Music of course going way way way back in the very very beginning and I think about you even apple and the Beatles and the label negotiation and you know all I mean, so yeah music our culture wearables, you know fashion. I mean we’re there’s all kinds of environmental issues. Energy Health all we have we will be focused, you know constraint matters.
I say these things with a broad brush, but as an institution will evolve with focus and purpose and will do it with Partners. That’s the other thing that will be attended to what we do. There’s no question that we have these core artifact but under themselves. It’s a little bit like operating systems if you will, that’s why I say we need to be programmable the extensions that others will see when they can take nuggets of the Assets in the unique value that we have an integrated into their worldview in the broadest sense, you know, we’re learning institution and how we can collaborate with others as they create learning opportunities for their audiences.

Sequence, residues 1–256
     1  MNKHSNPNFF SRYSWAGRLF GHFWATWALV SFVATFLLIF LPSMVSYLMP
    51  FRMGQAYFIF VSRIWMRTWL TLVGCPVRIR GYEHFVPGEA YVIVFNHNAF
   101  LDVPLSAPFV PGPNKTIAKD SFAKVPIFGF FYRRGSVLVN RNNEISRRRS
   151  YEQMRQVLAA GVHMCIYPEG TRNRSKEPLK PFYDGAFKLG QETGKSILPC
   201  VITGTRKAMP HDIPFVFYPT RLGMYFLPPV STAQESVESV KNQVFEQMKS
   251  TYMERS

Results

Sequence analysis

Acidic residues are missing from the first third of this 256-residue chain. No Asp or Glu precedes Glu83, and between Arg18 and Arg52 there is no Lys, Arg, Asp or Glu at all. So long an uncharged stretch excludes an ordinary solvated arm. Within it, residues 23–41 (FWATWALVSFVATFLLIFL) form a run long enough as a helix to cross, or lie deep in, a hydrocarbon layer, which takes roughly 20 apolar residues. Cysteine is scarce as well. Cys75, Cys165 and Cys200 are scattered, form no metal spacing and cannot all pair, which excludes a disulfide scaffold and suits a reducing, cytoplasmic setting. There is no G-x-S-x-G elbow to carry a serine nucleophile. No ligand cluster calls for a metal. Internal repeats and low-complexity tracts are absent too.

You know, that that’s that’s the path forward. So you talked about your artifacts.
Parker: wow, I’m intrigued to see what unexpected things might unfold there….sounds like a lot to look forward to…ok, for fun let’s look back for a moment with 3 trivia questions about the history of the computer revolution.
Number 1, what was the name of the first personal computer. It was a kit, still considered by many people to be the first one to really be ‘personal’.
Dan’l, I’d like to put you on the spot and ask 3 trivia questions? The name of the first computer, actually it was a kit that by many people consider it the first personal computer. Remember the name of that computer?